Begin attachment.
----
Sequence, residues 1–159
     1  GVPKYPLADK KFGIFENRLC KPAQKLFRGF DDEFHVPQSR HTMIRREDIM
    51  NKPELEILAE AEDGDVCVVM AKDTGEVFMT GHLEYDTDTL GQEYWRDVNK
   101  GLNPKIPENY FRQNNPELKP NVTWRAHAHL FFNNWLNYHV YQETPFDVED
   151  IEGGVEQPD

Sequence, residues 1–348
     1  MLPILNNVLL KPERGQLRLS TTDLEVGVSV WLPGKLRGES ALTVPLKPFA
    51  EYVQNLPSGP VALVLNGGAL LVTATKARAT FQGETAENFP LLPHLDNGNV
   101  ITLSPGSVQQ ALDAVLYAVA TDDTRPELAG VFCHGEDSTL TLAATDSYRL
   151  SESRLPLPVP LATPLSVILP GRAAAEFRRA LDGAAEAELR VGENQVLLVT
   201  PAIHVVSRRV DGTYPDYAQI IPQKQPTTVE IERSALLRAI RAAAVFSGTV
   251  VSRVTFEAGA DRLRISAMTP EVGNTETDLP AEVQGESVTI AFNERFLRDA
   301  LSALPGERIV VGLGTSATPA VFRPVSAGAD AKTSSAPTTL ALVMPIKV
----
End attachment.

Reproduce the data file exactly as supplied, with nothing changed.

Sequence, residues 1–159
     1  GVPKYPLADK KFGIFENRLC KPAQKLFRGF DDEFHVPQSR HTMIRREDIM
    51  NKPELEILAE AEDGDVCVVM AKDTGEVFMT GHLEYDTDTL GQEYWRDVNK
   101  GLNPKIPENY FRQNNPELKP NVTWRAHAHL FFNNWLNYHV YQETPFDVED
   151  IEGGVEQPD

Sequence, residues 1–348
     1  MLPILNNVLL KPERGQLRLS TTDLEVGVSV WLPGKLRGES ALTVPLKPFA
    51  EYVQNLPSGP VALVLNGGAL LVTATKARAT FQGETAENFP LLPHLDNGNV
   101  ITLSPGSVQQ ALDAVLYAVA TDDTRPELAG VFCHGEDSTL TLAATDSYRL
   151  SESRLPLPVP LATPLSVILP GRAAAEFRRA LDGAAEAELR VGENQVLLVT
   201  PAIHVVSRRV DGTYPDYAQI IPQKQPTTVE IERSALLRAI RAAAVFSGTV
   251  VSRVTFEAGA DRLRISAMTP EVGNTETDLP AEVQGESVTI AFNERFLRDA
   301  LSALPGERIV VGLGTSATPA VFRPVSAGAD AKTSSAPTTL ALVMPIKV